Despite frustration with a dreary local economy and relentless unemployment, Portland residents who bothered to vote in Tuesday's low-turnout election overwhelmingly voted for the status quo. All county positions available--excepting sheriff--went to incumbents. In Portland, commissioners Erik Sten and Dan Saltzman were re-elected by substantial margins.

Asked why Portlanders rejected new leadership despite widespread dissatisfaction, Peter Alexander, one of Saltzman's opponents, found fault with local media's refusal to cover the race with any depth. "People are numb" to local issues, he says, and the media failed both to mobilize voters and to acquaint those who did vote with the candidates' views.

Because Alexander "ran a low-budget campaign," the lack of media coverage made competition with Saltzman--along with his host of billboards and direct-mail strategy--nearly impossible. Had Alexander more time and more money, he is confident he would have successfully challenged Saltzman. "When I went head to head with him (at debates)," Alexander says, "I ended up with new supporters."

The lack of public forums, however, made these opportunities few and far between. Reviving these forums would enliven Portland campaigns, but Alexander stresses this election's most compelling failure belongs to the press.

"During a two-and-a-half-month campaign period, I collected eight or 10 press clippings about the race," Alexander says. Given the importance of the commissioner race to local business and Portland's suffering economy, Alexander says this is an abysmally low amount of coverage.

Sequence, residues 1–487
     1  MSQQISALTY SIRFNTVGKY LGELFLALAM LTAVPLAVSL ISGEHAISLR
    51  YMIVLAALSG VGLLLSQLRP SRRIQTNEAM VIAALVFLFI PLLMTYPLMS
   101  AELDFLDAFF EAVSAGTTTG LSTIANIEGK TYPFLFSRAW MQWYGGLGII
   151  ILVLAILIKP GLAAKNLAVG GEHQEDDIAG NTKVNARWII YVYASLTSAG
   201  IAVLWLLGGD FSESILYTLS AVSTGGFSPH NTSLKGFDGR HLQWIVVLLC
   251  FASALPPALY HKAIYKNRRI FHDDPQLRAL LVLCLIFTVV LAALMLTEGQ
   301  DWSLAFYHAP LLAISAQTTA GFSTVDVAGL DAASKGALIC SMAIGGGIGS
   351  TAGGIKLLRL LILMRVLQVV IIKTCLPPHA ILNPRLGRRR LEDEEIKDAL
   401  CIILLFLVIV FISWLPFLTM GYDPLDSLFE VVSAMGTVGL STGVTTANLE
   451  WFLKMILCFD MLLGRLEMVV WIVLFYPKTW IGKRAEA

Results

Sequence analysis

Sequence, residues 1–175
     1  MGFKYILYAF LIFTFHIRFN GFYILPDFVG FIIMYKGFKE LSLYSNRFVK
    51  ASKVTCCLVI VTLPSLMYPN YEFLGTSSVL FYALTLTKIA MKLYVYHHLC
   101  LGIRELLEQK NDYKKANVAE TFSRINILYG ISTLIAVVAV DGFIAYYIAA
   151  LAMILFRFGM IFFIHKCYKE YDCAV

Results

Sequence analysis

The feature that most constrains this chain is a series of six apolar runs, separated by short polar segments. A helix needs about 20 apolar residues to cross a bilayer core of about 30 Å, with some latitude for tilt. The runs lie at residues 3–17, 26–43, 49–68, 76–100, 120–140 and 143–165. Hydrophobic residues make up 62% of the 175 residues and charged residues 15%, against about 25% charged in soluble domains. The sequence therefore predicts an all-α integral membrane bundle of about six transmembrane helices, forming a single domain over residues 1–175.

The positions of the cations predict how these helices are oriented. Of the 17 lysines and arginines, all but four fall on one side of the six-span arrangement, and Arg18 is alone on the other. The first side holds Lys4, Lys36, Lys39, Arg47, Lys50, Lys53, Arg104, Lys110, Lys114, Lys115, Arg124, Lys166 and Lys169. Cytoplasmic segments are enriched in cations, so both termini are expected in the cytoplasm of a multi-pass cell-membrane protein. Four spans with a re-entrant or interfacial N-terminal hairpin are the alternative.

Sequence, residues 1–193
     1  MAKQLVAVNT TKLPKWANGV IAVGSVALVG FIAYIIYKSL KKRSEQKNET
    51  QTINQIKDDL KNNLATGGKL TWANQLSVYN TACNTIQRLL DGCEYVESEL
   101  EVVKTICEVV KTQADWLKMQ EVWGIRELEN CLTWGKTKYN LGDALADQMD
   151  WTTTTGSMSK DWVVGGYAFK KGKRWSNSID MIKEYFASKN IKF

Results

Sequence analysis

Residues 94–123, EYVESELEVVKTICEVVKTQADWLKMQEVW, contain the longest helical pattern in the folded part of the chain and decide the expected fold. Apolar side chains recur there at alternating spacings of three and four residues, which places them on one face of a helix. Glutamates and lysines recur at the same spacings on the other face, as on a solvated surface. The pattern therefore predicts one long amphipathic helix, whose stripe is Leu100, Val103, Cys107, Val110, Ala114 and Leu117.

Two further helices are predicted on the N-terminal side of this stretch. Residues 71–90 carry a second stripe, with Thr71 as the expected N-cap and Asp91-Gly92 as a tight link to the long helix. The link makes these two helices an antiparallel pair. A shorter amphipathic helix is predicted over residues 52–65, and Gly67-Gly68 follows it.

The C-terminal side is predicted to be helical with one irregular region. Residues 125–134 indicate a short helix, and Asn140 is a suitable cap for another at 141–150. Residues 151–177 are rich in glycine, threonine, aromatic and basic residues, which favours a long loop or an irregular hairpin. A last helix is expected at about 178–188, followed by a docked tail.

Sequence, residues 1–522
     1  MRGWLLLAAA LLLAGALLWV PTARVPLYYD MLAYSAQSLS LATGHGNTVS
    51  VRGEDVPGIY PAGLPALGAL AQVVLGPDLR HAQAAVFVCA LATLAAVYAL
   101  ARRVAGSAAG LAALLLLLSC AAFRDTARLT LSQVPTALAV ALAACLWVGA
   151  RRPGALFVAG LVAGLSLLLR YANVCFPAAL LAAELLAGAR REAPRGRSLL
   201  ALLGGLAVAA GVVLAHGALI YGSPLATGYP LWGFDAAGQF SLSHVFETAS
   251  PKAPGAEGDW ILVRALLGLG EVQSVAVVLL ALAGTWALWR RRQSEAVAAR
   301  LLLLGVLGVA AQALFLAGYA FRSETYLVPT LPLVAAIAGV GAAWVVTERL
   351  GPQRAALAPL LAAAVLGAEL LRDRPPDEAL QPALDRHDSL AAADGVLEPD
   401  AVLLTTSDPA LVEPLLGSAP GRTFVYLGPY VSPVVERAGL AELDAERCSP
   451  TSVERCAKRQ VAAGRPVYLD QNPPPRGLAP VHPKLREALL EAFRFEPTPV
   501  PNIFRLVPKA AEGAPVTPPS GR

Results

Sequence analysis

"The press is asleep at the wheel We have a billion-dollar budget shortfall and Enron is taking $250 million out of the community that's a lot of jobs," Alexander explains. Local news media have largely failed to connect Enron news to the business page. "This should be front page news," says Alexander.

Because such issues are not raised, city government has been allowed to "coast downhill," relying on old ideas, policies, and plans created years ago, continues Alexander. Candidates have not been challenged to formulate new visions, but instead allowed to rest on past successes. "Our community is headed for a crisis," he warns.

Dismal voter turnout doomed two important measures: a $140 million Multnomah County library levy--the first of its kind to fail in over a decade--and a $48.4 million parks property tax levy. (To pass, each levy needed at least 50 percent voter turnout; only 42 percent of registered voters cast ballots.) As a result, county residents will continue to see Monday closures at libraries as well as further library cutbacks; park users will face shortened restroom hours, community pool closures, and less frequent facilities maintenance.

Legislative measure 13, also rejected by voters, was intended to bolster the state school budget for the upcoming shortfall with $220 million from the lottery-based endowment fund.

In the Gubernatorial Race, Kevin Mannix mobilized enough far-right voters to win the Republican Party's nod. Vowing to cut capital gains taxes and reject all tax increases, Mannix has been viewed skeptically at a time when lawmakers of both parties have conceded that few alternatives other than raising taxes remain. He has also proudly proclaimed himself the only pro-life governor candidate; Democrats hope his extremism will alienate moderate Republicans.

Democratic nominee Ted Kulongoski, a moderate who was the last Democrat to lose Oregon's governor race in 1982, won his party's primary by a wide margin and promises to work for education reform and environmental protections, and to accelerate public works projects to create living wage jobs.